Format Specification Mini-Language


Understanding slice notation

Loop, Iteration

Loop better: A deeper look at iteration in Python
Python Basics: Iteration, Iterables, Iterators, and Looping


W3Resources: NumPy Exercises, Practice, Solution
Machine Learning Plus: 101 NumPy Exercises for Data Analysis (Python)
HackerRank: Numpy Challenges

Week 2

How can I draw lines into numpy arrays?
How to draw thick anti-aliased lines in SciPy?
scikit-image – Module: draw
scikit-image – Shapes
Wikipedia: Line drawing algorithm
Rasterung von Linien

Week 3

Convert NumPy

How to convert a boolean array to an int array


Histograms in Image Processing with skimage-Python

Week 4

Image Processing with Python

Python 3 – Built-in Functions
Python 3 – Built-in Types

Module: transform




Image Analysis in Python with SciPy and Scikit Image | Scipy 2019 Tutorial | Nunez-Iglesias
Image Analysis in Python with SciPy and scikit-image | SciPy 2018 Tutorial | Stefan van der Walt
20 – Introduction to image processing using scikit-image in Python


Glossary: ABC
Abstract Base Classes for Containers

Iterable / Iterator

Iter-ables are able to be iterated over. Iter-ators are the agents that perform the iteration.

Iterators are lazy single-use iterables (not precompiled, just-in-time calculation)

  • They’re “lazy” because they have the ability to only compute items as you loop over them.
  • And they’re “single-use” because once you’ve “consumed” an item from an iterator, it’s gone forever.
  • The term “exhausted” is often used for an iterator that has been fully consumed.

The Iterator Protocol: How “For Loops” Work in Python

Importantly, it should be noted that iterators are stateful. Meaning once you’ve consumed an item from an iterator, it’s gone. So after you’ve looped over an iterator once, it’ll be empty if you try to loop over it again.

An iterator is like a stream of items. You can only look at the items in the stream one at a time and you only ever have access to the first element. To look at something in the stream, you need to remove it from the stream and once you take something from the top of the stream, it’s gone from the stream for good.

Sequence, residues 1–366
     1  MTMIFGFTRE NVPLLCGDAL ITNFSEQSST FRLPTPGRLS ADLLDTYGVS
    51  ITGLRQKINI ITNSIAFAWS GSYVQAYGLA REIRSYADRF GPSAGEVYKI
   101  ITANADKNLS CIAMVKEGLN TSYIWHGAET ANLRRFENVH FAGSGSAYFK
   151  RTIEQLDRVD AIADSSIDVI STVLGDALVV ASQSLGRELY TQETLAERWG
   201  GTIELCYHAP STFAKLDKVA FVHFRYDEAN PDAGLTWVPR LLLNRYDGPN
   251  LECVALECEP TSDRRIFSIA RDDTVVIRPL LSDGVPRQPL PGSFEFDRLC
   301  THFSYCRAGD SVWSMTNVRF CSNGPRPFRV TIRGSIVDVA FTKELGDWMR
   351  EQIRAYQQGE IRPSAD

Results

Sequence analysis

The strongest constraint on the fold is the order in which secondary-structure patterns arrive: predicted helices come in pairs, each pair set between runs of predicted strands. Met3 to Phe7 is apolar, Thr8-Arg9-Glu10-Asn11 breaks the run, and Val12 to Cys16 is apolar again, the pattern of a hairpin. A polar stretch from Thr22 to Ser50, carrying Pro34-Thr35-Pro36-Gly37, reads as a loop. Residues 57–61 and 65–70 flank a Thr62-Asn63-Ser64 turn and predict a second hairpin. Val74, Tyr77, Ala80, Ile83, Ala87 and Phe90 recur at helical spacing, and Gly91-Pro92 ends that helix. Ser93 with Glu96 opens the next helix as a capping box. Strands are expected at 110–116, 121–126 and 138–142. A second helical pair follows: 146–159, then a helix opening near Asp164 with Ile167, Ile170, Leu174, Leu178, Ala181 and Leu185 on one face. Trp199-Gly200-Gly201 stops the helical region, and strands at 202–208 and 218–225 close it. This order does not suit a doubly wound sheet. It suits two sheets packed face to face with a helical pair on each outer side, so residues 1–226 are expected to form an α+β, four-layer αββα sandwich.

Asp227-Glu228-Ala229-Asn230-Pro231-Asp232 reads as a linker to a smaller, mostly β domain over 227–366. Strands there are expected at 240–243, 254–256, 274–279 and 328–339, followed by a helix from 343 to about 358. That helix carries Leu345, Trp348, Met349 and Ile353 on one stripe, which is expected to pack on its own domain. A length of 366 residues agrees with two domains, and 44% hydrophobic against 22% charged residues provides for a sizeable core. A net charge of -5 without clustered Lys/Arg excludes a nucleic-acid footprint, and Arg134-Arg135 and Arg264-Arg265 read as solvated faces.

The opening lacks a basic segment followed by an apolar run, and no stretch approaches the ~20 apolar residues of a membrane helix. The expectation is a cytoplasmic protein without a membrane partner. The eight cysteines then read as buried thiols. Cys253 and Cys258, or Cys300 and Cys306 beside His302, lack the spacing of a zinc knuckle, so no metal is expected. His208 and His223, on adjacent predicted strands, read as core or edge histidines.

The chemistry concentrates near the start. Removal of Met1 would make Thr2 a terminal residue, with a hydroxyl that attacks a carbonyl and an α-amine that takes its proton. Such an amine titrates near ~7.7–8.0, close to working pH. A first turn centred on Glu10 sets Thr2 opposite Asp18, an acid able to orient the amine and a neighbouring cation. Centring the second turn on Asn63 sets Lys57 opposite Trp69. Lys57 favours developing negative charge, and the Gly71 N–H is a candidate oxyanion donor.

range is an iterable, but not an iterator

Sequence Types — list, tuple, range
Python’s range() Function Explained
Python: range is not an iterator!

  • immutable sequence type
  • looping a specific number of times in for loops
  • When you’re using an iterator, every loop of the for statement produces the next number on the fly.

The advantage of the range type over a regular list or tuple is that a range object will always take the same (small) amount of memory, no matter the size of the range it represents (as it only stores the start, stop and step values, calculating individual items and subranges as needed).


Python iterator and zip
Using the Python zip() Function for Parallel Iteration

Packing / Unpacking

4.7.4. Unpacking Argument Lists


Iterable -> Iterator -> Generator

Python Generators
Python Generators vs Iterators – Comparison Between Python Iterators and Generators
Difference between Python’s Generators and Iterators

Generator Expressions vs. List Comprehension

# Generator expression
(x*2 for x in range(256))

# List comprehension
[x*2 for x in range(256)]
line_list = ['  line 1\n', 'line 2  \n', ...]

# Generator expression -- returns iterator
stripped_iter = (line.strip() for line in line_list)

# List comprehension -- returns list
stripped_list = [line.strip() for line in line_list]

Generator Expressions vs. List Comprehension
Generator expressions and list comprehensions
Python List Comprehensions vs Generator Expressions

Week 10

Converting image from RGB to LUV and back results in different image

K-Means Clustering in OpenCV
Liste der Farbräume

Week 14

Hiroto Honda’s Medium Blog Posts